The National Education Association (NEA) is completely bent out of shape about some of the teacher quality language in the proposed House No Child Left Behind reauthorization bill. Problem is, they were OK with this language when it was part of Rep. George Miller’s smaller TEACH Act. For instance, here is their website touting Miller’s bill (scroll down) as an important NCLB fix. As Joe Williams notes, the American Federation of Teachers did a much better job of covering their bases here. What’s happened for the NEA is that they’ve managed to piss off Miller and Speaker Pelosi in a pretty big way. And, in the process, they’ve forced Miller to harden his position, hardly the outcome they wanted. Hard to know why this unfolded the way it did, but here’s my take: There are a couple of reasons.
First, for a long time the NEA really was the only game in town on education. They’re still very powerful, one of the most powerful organizations on any issue, but they’re no longer the only big fish in the sea. They are understandably having trouble adapting to this new environment. Second, they got out in front of their members on the TEACH Act. Its inclusion in Miller’s draft No Child Left Behind overhaul bill brought that to a head and means they got caught playing both sides against the middle. They didn’t want to oppose TEACH, it’s a Miller – Kennedy bill, but probably should have because they are in a worse place here. Third, a little bit of kabuki on this is good for everyone. Miller gets to burnish his reform creds and the NEA can show its members that it will go to the mat for them.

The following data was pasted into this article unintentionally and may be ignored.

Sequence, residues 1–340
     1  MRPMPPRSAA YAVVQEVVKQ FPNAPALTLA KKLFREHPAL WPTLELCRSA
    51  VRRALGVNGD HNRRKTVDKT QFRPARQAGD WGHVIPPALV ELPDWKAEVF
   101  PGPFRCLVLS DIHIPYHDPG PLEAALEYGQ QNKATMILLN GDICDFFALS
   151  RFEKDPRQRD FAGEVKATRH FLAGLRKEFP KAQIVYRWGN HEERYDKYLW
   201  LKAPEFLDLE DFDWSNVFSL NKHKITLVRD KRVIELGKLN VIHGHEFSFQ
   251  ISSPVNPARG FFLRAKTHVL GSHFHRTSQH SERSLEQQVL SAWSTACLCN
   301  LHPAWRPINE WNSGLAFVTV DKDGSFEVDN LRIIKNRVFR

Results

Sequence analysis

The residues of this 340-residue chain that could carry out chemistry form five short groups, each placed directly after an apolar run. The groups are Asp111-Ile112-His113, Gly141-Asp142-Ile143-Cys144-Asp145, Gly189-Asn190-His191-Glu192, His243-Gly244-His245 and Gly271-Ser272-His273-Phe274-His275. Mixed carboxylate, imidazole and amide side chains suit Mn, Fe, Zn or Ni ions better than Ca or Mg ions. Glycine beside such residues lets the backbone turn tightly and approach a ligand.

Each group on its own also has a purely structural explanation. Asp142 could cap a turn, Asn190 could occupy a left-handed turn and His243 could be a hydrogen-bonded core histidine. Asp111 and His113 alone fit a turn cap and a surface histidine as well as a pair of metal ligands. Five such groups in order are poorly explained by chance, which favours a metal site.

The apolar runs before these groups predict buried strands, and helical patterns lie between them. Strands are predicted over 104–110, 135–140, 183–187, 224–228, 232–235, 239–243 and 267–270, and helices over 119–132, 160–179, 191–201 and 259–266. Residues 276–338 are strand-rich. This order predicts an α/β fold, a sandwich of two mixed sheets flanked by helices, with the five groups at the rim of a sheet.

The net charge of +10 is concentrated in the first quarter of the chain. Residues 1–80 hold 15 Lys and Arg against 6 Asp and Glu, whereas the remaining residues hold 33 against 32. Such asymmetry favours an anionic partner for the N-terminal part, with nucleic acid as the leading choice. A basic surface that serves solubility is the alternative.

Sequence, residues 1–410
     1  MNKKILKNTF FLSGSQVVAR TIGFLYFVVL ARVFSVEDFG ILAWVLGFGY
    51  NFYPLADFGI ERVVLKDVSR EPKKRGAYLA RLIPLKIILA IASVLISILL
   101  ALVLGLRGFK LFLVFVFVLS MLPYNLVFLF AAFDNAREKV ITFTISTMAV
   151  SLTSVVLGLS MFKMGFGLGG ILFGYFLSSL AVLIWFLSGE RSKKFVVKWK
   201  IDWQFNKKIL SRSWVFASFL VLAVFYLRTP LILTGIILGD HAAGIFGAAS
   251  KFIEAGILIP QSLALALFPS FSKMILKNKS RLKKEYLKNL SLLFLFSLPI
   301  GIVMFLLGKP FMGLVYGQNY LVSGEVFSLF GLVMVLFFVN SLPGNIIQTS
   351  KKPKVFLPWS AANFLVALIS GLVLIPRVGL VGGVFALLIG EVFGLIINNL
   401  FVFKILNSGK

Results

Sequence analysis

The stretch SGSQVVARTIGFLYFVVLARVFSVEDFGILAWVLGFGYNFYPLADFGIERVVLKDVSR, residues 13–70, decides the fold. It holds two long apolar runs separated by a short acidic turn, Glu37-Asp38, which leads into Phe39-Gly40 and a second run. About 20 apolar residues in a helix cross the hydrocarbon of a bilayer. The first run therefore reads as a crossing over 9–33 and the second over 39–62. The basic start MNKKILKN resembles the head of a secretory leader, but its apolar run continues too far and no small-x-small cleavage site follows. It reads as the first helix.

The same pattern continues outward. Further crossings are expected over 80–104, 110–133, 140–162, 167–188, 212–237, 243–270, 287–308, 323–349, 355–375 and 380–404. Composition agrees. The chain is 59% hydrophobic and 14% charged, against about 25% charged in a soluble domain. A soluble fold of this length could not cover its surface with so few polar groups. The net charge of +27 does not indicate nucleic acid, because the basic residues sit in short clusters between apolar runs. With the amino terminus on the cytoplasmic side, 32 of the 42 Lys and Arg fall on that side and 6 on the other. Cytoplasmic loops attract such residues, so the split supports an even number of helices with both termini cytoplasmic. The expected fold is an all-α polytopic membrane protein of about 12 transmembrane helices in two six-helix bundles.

But it’s hardly all show. I think one of the things that most has Miller’s hackles up is the assertion that he’s somehow not down with organized labor because of proposals in his bill. This is a pretty good illustration of why the teachers’ union habit of calling everyone who disagrees with them anti-union and so forth is short-sighted, alienates people needlessly and has them out of position in today’s environment. George Miller is one of the most pro-union members of Congress at a time when labor needs all the friends it can find. But he shows that one can be pro-labor and also think that poor kids ought to get their fair share of education dollars, that we need accountability for teachers and schools, and that all the problems are not caused by demographics, the kids, or Republicans.